Educational Mobility Since the 1930s Michael Hout, Alexander Janus

Educational Mobility Since the 1930s

Author: Michael Hout, Alexander Janus
Publisher: Russell Sage Foundation
Date: 01/2011
Teacher Education and the American Future Linda Darling-Hammond

Teacher Education and the American Future

Author: Linda Darling-Hammond
Publisher: Sage Publications
Date: 01/2010

For teacher education, this is perhaps the best of times and the worst of times. It may be the best of times because many teacher educators have done so much hard work over the past two decades to develop more successful program models and because voters have just elected a president of the United States who has a strong commitment to the improvement of teaching. It may be the worst of times because there are so many forces in the environment that conspire to undermine these efforts. In this article, the author discusses the U.S. context for teacher education, the power of teacher preparation for transforming teaching and learning, and the current challenges for this enterprise in the United States.

 

education - CPI Affiliates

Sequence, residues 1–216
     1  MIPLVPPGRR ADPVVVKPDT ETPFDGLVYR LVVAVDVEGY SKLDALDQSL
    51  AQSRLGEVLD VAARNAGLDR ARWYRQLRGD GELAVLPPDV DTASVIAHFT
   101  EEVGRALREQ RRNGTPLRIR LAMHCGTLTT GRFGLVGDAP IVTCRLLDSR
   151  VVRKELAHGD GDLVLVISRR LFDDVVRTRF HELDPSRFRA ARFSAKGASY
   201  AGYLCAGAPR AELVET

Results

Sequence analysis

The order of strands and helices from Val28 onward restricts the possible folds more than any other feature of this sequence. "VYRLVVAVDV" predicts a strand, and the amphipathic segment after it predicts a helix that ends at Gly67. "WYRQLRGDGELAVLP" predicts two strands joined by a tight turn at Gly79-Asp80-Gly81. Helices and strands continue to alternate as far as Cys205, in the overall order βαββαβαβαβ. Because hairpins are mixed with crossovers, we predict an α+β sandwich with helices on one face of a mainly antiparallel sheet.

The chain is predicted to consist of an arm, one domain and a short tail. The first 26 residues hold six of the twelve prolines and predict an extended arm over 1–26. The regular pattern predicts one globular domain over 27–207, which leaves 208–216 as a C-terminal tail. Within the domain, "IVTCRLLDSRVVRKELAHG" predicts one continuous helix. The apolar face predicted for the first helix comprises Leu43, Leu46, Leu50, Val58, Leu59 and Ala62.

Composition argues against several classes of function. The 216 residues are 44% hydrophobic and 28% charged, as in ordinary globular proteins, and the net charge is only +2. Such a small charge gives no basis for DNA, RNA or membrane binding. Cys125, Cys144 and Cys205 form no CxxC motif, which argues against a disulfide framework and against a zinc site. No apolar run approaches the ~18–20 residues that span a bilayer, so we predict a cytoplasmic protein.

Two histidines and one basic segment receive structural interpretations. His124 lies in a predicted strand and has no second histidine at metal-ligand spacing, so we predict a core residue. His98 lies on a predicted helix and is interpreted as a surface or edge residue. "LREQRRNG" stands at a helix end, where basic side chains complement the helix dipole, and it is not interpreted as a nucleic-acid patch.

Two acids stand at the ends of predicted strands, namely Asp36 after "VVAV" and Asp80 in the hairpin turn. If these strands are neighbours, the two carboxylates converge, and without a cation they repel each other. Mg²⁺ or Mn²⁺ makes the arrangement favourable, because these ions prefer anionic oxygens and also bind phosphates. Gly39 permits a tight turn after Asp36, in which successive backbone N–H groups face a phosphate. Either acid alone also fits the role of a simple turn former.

Ann Dryden Witte's picture Ann Dryden Witte Professor Emerita of Economics
Wellesley College
Paul Peterson's picture Paul Peterson Henry Lee Shattuck Professor of Government, Director, Program on Education Policy and Governance; Senior Fellow at the Hoover Institution at Stanford University; Senior Editor of Education Next
Harvard University
Hans-Peter Blossfeld Professor of Sociology
Bamberg University
Peter T. Gottschalk's picture Peter T. Gottschalk Research Professor of Economics; Research Fellow, IZA
Boston College
Hiroshi Ishida's picture Hiroshi Ishida Professor of Sociology, Institute of Social Sciences
University of Tokyo

Pages

Education - Other Research

Title Author Media
The Social Stratification of Theatre, Dance, and Cinema Attendance Tak Wing Chan and John H. Goldthorpe

The Social Stratification of Theatre, Dance, and Cinema Attendance

Author: Tak Wing Chan and John H. Goldthorpe
Publisher: Routledge
Date: